I have to give a shout-out to Let’s Encrypt, a free online Certificate Authority. Before they came around, I would have had to shell out big bucks for a SSL certificate.

I thought Gnucash was going to be a sticking point. It’s not really a cloud-friendly app. I didn’t really want to install a full X-Windows environment on a t2.nano instance, just to have somewhere to run Gnucash. That seemed like killing a fly with a sledgehammer. Initially, I tried running it on the Mac via X11 forwarding. I set up XQuartz on the Mac, installed gnucash on the t2.nano, and tried it out. I was not happy with the performance at all. I ended up running the Mac-native version of Gnucash, and storing the data file on Dropbox. That seems to work OK, and gives me a centralized repository for the data file, while allowing me to run Gnucash on multiple Mac desktops (providing I remember to exit when I’m finished with it — it does not deal well with multiple instances accessing the data file simultaneously).

Speaking of Dropbox, I’ve just started using that as well. Although there are a couple of annoying things about it, I think it’s going to work well for me. It fits in well with how I like to work (read: it works well with the shell) and also supports Linux natively, which was a must-have for me. I’ll likely write something up about Dropbox once I’ve used it for a little longer.

For now, I still have the PC sitting in the basement. I still have to buy a Raspberry Pi, install Linux on it, and set it up as a print server. It’ll also run a 3TB USB disk that I’ll use as an offline backup for my Dropbox files, as well as VMs, and other assorted things that are too large for Dropbox. Stay tuned!!

Enumerating Contract Bridge Auctions with Lisp

I’ve been a fan of Contract Bridge for a long time.  I’m really bad at it, but all the same, I find it fascinating and compelling.  One of the interesting facts about Bridge is the astronomical number of possible auctions.  For any given deal, there are over 128 × 1045 possible auctions. The exact number is:


That’s a lot!  Being the nerd that I am, I decided to dust off my LISP skills (mostly neglected since college) and write a program to enumerate them.  To wit:

(setf allbids
      '("1C" "1D" "1H" "1S" "1NT"
        "2C" "2D" "2H" "2S" "2NT"
        "3C" "3D" "3H" "3S" "3NT"
        "4C" "4D" "4H" "4S" "4NT"
        "5C" "5D" "5H" "5S" "5NT"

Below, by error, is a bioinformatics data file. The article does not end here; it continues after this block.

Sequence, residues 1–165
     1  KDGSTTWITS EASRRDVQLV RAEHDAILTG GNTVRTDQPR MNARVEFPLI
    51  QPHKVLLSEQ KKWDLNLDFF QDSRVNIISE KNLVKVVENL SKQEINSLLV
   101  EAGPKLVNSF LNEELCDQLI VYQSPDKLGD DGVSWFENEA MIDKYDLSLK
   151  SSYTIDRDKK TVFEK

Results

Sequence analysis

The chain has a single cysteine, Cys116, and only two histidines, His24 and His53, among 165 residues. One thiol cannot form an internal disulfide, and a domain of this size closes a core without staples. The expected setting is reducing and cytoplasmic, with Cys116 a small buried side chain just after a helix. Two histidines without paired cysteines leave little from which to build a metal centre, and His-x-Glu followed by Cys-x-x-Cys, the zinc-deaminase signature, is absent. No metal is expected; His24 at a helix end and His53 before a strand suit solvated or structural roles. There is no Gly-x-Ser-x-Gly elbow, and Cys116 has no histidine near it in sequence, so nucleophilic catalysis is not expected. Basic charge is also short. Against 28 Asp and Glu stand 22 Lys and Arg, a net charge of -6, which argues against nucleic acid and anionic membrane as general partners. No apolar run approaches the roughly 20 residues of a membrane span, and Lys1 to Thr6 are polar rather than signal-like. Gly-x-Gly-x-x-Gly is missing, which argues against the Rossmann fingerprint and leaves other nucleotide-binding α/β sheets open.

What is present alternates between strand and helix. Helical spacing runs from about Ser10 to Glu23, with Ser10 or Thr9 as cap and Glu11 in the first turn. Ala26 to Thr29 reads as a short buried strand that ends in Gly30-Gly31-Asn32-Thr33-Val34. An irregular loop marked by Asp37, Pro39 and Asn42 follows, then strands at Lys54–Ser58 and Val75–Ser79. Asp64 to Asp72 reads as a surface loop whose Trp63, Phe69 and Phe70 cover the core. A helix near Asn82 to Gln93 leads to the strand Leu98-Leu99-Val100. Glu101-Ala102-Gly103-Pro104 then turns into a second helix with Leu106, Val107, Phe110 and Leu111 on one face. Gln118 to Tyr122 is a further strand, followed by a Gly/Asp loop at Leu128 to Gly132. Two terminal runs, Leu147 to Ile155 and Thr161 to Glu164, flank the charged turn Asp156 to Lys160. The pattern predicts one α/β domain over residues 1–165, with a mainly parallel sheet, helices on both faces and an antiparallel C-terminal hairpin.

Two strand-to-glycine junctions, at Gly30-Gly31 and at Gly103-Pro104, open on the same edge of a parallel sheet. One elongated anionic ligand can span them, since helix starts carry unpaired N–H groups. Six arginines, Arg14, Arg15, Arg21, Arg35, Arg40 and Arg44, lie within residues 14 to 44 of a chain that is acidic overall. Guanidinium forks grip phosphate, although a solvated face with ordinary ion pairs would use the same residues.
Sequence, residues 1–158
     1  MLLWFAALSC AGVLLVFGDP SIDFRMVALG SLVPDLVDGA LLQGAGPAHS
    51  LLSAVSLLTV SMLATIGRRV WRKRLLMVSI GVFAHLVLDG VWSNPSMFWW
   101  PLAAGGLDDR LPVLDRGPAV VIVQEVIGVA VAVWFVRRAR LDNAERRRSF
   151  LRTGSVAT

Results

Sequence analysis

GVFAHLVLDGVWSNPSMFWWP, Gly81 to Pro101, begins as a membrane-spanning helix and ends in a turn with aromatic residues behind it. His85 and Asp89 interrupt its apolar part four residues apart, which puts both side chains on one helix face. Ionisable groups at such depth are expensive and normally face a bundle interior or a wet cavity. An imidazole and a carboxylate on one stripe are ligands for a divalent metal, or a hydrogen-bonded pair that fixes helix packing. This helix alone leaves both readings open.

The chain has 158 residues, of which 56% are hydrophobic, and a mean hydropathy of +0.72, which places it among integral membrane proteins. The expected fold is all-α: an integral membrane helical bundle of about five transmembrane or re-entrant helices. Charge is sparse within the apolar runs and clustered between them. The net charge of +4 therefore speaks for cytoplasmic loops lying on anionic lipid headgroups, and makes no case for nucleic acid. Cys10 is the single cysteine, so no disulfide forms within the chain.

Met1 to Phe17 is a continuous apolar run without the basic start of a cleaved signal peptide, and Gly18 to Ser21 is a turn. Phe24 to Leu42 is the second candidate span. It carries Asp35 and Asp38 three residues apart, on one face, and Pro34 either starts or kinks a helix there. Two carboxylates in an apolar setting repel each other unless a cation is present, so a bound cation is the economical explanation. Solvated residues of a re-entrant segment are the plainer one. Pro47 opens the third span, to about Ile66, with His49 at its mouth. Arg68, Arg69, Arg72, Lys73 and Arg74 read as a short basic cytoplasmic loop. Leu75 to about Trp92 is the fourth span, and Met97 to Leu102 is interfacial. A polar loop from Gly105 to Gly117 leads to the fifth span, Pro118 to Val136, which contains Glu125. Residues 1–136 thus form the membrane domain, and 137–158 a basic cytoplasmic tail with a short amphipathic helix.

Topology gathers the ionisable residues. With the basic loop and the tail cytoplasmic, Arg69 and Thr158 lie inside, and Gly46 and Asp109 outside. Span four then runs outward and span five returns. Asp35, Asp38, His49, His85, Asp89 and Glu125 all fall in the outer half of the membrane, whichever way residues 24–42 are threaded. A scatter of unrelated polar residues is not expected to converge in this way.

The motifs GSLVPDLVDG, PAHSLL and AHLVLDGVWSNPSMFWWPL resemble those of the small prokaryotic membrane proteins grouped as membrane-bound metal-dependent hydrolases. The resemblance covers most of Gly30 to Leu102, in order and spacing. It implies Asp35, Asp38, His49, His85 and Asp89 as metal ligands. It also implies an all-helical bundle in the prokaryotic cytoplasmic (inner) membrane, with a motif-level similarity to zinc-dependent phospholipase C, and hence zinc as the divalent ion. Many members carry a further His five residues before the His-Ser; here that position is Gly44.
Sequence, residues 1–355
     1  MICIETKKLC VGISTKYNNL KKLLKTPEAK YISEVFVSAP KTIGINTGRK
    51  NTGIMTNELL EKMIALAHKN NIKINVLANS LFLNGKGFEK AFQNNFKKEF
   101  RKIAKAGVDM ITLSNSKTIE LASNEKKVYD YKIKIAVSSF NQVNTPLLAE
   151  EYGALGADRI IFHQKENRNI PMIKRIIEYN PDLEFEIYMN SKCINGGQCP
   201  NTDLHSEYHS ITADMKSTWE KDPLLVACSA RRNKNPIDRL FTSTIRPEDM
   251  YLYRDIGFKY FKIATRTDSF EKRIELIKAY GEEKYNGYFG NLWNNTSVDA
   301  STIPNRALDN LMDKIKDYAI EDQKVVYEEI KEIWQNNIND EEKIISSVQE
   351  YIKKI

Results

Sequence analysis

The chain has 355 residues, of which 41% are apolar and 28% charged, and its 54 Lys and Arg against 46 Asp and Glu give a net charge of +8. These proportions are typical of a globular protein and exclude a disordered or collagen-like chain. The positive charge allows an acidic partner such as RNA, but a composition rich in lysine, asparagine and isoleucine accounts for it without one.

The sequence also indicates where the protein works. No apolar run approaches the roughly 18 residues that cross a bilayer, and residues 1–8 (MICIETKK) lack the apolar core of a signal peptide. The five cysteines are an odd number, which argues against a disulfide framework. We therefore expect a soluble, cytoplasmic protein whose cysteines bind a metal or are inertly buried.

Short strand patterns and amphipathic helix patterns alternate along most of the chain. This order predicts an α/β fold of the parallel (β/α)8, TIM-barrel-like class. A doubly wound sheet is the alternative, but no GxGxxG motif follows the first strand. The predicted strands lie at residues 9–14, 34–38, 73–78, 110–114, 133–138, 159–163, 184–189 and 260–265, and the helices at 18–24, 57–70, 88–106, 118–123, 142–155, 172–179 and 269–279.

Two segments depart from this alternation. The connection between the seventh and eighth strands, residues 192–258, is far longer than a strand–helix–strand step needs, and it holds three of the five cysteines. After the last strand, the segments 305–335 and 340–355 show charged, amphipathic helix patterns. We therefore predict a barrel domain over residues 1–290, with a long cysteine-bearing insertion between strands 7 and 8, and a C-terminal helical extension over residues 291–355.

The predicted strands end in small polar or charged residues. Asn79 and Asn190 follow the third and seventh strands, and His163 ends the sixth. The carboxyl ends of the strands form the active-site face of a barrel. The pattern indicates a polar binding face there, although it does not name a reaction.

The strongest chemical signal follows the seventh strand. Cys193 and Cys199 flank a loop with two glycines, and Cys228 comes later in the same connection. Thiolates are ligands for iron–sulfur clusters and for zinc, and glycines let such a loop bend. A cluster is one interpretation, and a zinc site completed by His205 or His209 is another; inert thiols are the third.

"6C" "6D" "6H" "6S" "6NT"
        "7C" "7D" "7H" "7S" "7NT"))

(defun printMore (bidList bidStr)
  (if (null bidList) nil
      (mapcar #'(lambda (p)
                  (printAuctions bidList (concatenate 'string bidStr p (car bidList))))
              '(" " " P " " P P "))
      (printMore (cdr bidList) bidStr))))

(defun printAuctions (bidList bidStr)
  (let* ((matrix
            " P P Dbl"
            " P P Dbl Rdbl"
            " P P Dbl P P Rdbl"
            " Dbl"
            " Dbl Rdbl"
            " Dbl P P Rdbl"))
         (bidMatrix (mapcar #'(lambda (x)
                                (concatenate 'string bidStr x)) matrix)))
    (dolist (x bidMatrix)
        (print (concatenate 'string x " P P P")
               (printMore (cdr bidList) x))))))

(defun printSomeAuctions (startBid &optional (prefix nil))
  (let ((bidPos (position startBid allbids :test #'equal)))
    (if bidPos
        (let ((bidList (nthcdr bidPos allbids)))
          (printAuctions bidList (concatenate 'string prefix (car bidList)))))))

(defun printAllAuctions ()
    (print "P P P P")
    (mapcar #'(lambda (p)
                (printSomeAuctions "1C" p))
            '(nil "P " "P P " "P P P "))))

(printAllAuctions) will iterate through and print out every possible Bridge auction.  Don’t hold your breath waiting for it to finish, though.  The computer I was using, a Linux box running CLISP, printed out around 14,000 auctions per second.  At that rate, it will take 291.4 × 1033 years to complete.  That’s over 21 septillion (21 × 1024) times the age of the known universe.

ZyXEL WAP3205 – Not Recommended